A Customer Relationship Management (CRM) software solution allows for the continual data analysis to improve customer relationships and provide the insights needed for customer retention and revenue growth.
A CRM often pulls data from multiple sources to compile reports, like a company’s website or site analytics account for traffic metrics, various marketing efforts like direct mail or email campaigns, or even inbound marketing campaigns to measure response rates, and even social media profiles. All of this may be incredibly helpful, or it may be presented in a way that doesn’t have the right information and meaning that you are looking for to gain particular insights.
Don’t overlook the basics!
Microsoft Excel is a fantastic tool for data references and building tables to find deeper meaning from your data. Microsoft Excel helps you take raw data and organize your information in a way that holds meaning for you. You want to manipulate your data so that you can get helpful insights from the information within. For example, you’d like to identify the group of customers that purchased or canceled with your business within a certain date range. You may be able to customize a report somehow from another platform, like a CRM, but if you either do not have one of these costly software solutions, or just need this information quickly and want to avoid the time it may take to set up a custom report for these details, Microsoft Excel is the perfect solution for this purpose.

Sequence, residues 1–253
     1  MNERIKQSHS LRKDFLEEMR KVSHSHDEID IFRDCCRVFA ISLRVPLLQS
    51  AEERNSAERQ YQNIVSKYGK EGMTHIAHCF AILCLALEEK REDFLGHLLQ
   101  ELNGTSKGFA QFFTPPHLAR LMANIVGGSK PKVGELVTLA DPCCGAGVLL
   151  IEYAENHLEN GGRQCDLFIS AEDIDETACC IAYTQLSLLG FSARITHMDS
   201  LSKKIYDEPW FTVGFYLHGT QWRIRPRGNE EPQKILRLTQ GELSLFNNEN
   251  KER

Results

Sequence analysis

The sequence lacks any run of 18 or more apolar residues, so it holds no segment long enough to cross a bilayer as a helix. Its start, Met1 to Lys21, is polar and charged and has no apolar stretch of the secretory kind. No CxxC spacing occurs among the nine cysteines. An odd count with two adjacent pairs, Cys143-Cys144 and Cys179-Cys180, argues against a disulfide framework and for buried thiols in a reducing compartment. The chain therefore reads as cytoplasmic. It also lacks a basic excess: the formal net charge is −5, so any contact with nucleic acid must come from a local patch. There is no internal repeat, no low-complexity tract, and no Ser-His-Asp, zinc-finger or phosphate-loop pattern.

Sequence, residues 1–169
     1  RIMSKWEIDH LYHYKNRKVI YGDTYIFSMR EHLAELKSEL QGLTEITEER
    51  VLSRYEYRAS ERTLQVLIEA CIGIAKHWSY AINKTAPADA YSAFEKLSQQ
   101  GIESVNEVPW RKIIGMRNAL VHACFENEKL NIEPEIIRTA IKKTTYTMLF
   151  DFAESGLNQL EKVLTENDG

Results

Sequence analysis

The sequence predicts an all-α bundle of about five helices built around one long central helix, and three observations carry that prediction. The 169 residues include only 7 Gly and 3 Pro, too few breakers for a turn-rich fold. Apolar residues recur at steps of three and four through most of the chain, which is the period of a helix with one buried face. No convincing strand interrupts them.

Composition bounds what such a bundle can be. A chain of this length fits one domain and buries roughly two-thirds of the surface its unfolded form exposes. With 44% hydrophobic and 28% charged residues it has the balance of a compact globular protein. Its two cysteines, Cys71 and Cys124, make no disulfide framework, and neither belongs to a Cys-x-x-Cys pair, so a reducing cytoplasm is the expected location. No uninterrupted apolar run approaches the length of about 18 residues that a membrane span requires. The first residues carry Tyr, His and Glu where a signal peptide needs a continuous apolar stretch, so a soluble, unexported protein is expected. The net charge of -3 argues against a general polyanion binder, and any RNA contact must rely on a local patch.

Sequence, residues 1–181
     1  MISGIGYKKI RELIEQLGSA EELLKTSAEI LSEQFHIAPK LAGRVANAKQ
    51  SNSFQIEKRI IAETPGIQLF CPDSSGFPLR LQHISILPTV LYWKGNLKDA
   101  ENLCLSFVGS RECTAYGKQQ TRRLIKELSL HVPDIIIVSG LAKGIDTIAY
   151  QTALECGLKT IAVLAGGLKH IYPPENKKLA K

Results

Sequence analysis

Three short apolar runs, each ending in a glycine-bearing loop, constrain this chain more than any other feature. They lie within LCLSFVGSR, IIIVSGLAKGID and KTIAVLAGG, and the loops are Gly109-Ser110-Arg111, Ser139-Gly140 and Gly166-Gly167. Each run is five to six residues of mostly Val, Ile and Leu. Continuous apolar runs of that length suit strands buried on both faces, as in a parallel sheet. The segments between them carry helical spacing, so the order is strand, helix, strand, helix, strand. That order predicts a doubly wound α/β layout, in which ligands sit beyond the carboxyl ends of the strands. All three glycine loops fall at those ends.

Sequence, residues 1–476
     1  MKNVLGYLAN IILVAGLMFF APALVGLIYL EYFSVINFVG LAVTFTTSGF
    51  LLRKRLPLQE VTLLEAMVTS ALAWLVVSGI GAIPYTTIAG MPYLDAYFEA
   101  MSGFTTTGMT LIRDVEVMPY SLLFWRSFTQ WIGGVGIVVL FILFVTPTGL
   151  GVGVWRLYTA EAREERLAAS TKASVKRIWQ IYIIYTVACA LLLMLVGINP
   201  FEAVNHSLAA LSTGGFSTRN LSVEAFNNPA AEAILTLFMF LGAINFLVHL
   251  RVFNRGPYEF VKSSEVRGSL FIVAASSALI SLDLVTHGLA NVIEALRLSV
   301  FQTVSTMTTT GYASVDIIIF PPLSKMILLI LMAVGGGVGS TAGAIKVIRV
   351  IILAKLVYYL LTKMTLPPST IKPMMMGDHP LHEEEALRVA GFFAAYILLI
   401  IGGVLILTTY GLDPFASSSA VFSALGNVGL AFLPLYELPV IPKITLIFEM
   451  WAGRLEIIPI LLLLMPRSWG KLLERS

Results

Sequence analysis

Data presentation is rarely perfect for your needs – without that costly and time-consuming customized reporting solution we mentioned earlier. A couple of quick keystrokes can help you get what you need in Microsoft Excel. For example, if you need to quickly ascertain the number of customers who purchased or canceled service within a set month and year, you have multiple options in Microsoft Excel.
First, your raw data probably isn’t formatted how you need it to be. What can you do?
Text to columns feature:
In Microsoft Excel, users have the opportunity to import data in a comma separated values file, a CSV, and then use this feature to separate the information into clean column format.
If your data is somewhat clean and consistent, this is one option. Otherwise, this is going to be manual and laborious.